As the Manchester United players appeared on the balcony at Wembley stadium to collect the Carabao Cup after their 2-0 victory in the final over Newcastle on Sunday they were each greeted with a large cheer from their jubilant supporters.
But the loudest cheer was reserved for when the club’s manager Erik ten Hag emerged to stand alongside them.
The United fans were acknowledging a fundamental truth that this was the Dutchman’s victory, made possible through the significant changes he has made in the last nine months and the resilience and character he has instilled in his squad.
United’s triumph was not particularly attractive, but the players found a way to win and secure the club’s first trophy for six years. Ten Hag himself summed it up perfectly when he said, “It was not the best football, but it was effective.”
A final is not the place to play your best football, it is only a place to win, and it proved that in Ten Hag United now have a genuine winner as their manager.
It is possibly too early for grand declarations, but Ten Hag appears to be the manager United have been searching for since Sir Alex Ferguson retired a decade ago.
Last week they shared dinner together at a restaurant in Cheshire, and on Sunday they shared an embrace in the bowels of Wembley after United’s victory, before later posing for a picture with the Carabao Cup trophy.
Ten Hag has many of the same traits as his legendary predecessor: the emphasis on discipline, the focus on character and resilience, a seemingly unquenchable thirst to win, and the ability to manage and control games.
This is what happened at Wembley where Newcastle can possibly feel aggrieved their even longer wait for a trophy was prolonged.
For though Eddie Howe’s side asserted themselves on the game, having 61% possession, and more shots than United, the only statistic that really mattered was that their opponents scored twice while they failed to register a goal.
Newcastle started as the stronger side, and looked to be benefitting from the week-long break they had enjoyed before the final, whereas United, who had played against Barcelona only three days earlier took longer to work their way into the game.
After only eight minutes Diogo Dalot was booked for a foul on Allan Saint-Maximin, and on 32 minutes the Portuguese right-back was beaten in the penalty area by the French winger, whose shot from a narrow angle was then saved by David De Gea.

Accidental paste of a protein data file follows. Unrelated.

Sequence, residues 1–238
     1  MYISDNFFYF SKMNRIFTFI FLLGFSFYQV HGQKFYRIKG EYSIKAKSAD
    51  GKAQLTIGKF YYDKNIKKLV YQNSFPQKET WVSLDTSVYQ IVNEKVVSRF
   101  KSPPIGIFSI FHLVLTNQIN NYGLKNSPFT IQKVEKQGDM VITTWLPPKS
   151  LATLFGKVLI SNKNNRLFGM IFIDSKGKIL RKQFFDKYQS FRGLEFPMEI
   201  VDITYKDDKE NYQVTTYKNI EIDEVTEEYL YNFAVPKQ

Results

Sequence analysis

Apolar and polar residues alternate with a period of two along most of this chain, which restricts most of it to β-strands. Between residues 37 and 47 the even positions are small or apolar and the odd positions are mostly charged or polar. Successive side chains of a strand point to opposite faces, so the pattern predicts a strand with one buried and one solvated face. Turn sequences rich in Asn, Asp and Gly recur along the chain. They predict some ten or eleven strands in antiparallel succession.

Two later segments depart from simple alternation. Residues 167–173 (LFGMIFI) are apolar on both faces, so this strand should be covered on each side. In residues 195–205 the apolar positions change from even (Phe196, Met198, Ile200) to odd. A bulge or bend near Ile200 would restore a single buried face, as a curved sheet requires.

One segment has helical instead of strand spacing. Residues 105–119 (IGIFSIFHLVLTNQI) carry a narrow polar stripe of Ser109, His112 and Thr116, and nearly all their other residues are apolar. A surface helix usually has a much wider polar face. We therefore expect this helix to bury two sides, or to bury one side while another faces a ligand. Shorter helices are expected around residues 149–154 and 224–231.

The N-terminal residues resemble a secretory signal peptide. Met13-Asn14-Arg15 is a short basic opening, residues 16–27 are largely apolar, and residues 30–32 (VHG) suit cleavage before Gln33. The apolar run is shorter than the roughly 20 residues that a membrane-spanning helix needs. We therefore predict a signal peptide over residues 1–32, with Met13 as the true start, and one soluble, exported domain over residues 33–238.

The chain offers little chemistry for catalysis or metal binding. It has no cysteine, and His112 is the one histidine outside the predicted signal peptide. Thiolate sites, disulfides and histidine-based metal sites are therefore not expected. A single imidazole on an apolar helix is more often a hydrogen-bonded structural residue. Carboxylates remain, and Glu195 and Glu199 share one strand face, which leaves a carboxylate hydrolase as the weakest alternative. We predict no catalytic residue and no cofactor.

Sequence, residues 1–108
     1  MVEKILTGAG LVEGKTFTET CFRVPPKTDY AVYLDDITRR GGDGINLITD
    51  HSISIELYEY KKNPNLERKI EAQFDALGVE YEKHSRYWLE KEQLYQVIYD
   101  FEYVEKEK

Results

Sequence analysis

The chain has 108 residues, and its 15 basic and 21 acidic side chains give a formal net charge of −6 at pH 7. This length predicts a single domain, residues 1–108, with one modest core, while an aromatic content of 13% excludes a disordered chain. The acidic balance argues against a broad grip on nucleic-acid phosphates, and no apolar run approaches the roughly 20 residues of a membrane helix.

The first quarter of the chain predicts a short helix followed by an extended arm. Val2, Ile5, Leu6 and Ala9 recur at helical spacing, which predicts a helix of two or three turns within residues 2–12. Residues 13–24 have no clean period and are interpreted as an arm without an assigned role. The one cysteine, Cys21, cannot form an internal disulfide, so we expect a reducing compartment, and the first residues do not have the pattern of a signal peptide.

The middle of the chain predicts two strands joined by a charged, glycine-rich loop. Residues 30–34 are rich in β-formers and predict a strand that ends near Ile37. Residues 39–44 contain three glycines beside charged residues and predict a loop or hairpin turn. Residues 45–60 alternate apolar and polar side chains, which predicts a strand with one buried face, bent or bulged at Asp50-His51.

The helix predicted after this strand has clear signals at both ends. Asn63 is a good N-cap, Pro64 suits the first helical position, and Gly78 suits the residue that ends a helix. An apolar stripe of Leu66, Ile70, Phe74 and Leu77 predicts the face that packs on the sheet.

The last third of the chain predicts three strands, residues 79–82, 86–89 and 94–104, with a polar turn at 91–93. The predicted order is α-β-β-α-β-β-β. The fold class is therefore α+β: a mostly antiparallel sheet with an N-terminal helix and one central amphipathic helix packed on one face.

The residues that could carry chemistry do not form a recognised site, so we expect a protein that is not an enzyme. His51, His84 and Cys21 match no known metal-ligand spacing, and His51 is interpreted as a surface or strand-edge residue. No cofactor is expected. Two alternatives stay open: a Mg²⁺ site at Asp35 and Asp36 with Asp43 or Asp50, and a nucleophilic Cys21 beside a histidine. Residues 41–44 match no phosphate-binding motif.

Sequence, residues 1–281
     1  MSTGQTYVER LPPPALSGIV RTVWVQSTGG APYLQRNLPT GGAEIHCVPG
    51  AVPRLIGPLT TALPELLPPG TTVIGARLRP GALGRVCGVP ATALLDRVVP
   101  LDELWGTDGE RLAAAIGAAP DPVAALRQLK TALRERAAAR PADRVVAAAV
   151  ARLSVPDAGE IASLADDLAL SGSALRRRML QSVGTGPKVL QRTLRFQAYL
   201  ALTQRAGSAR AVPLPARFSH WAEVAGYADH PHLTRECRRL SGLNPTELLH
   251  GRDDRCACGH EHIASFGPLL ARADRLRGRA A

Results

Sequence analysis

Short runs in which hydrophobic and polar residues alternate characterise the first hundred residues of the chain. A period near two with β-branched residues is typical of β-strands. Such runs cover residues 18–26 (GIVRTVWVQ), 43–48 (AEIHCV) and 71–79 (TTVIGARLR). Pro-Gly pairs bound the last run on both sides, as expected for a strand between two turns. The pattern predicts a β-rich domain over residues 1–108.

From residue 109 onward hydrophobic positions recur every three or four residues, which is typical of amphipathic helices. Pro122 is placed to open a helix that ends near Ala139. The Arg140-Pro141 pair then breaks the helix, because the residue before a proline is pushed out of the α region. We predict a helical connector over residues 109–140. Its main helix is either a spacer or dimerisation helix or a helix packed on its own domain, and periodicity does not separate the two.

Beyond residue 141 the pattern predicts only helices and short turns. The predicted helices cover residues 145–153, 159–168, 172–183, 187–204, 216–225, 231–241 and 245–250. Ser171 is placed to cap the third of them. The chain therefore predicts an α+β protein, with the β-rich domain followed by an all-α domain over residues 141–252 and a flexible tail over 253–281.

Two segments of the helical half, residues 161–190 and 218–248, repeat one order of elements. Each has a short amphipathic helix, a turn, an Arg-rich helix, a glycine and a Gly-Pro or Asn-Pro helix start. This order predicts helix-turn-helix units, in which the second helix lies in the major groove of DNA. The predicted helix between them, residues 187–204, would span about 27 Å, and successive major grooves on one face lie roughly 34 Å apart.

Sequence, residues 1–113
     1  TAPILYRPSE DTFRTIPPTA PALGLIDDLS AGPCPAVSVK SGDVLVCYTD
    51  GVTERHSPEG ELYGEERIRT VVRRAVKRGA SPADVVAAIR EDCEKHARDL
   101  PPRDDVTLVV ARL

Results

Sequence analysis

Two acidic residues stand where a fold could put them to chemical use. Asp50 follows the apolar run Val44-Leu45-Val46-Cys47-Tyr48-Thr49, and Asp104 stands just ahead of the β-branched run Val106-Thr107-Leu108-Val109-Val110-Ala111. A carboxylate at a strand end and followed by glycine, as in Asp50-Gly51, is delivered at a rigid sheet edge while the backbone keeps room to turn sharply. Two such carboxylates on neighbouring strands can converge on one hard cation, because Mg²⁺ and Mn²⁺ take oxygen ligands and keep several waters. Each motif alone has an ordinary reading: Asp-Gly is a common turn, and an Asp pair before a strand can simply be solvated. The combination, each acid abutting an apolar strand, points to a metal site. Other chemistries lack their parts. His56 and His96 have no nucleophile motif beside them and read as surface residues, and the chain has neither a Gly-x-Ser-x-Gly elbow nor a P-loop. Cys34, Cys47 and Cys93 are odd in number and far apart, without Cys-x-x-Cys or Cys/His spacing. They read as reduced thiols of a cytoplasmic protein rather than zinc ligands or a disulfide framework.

But a minute later United finally took control when Casemiro headed in from a brilliantly delivered free-kick from Luke Shaw, and six minutes later Marcus Rashford doubled their lead when his shot took a crucial deflection off Sven Botman to evade Loris Karius.
It seemed generous, almost unjust that United could return to their dressing room at half-time with a two goal lead, but they had come alive when it mattered.
From there, it was all about Ten Hag’s astute game management, and the substitutions he made to safeguard United’s lead.
At half-time the United manager took off Dalot, deciding that having already been shown a yellow card, he represented too much of a risk. Aaron Wan-Bissaka, who was unfortunate not to start the final, took his place and was arguably United’s best player in the second half, allowing nothing past him.
The introduction of Marcel Sabitzer and Scott McTominay from the bench after 69 minutes may have looked defensive, but in fact gave United greater protection.
United were now content to sit back and let Newcastle come to them, but their opponents struggled to test De Gea, and their best effort did not come until the 88th minute when substitute Jacob Murphy’s shot swerved just past the post.
It was Ten Hag’s side who looked more likely to score again, and they should have actually extended their lead when they twice broke away in the second half, but Karius saved from Rashford and Bruno Fernandes.
The victory had Ten Hag’s stamp all over it: the partnership of Lisandro Martinez and Raphael Varane, the signing of Casemiro, the spectacular revival of Marcus Rashford, and Wan-Bissaka, and the impressive January loan signings of Sabitzer and Wout Weghorst.
There has been a frustration in recent years that United recruited the wrong characters, who did nothing for the atmosphere in the dressing room, but their success in now finding the right characters could be seen in the team’s celebrations.
Varane and Casemiro have won nine Champions Leagues between them; Varane and Martinez have each won the World Cup, but all of them celebrated the capture of the Carabao Cup with the same passion and enthusiasm.
Ten Hag has created a squad of winners in his own image. After the post-match press conference the Dutchman forgot to take the trophy with him. “I can leave it, because we will get another one,” he joked.
Already Ten Hag was beginning to think about winning more, and there are still three other trophies on offer to his side this season.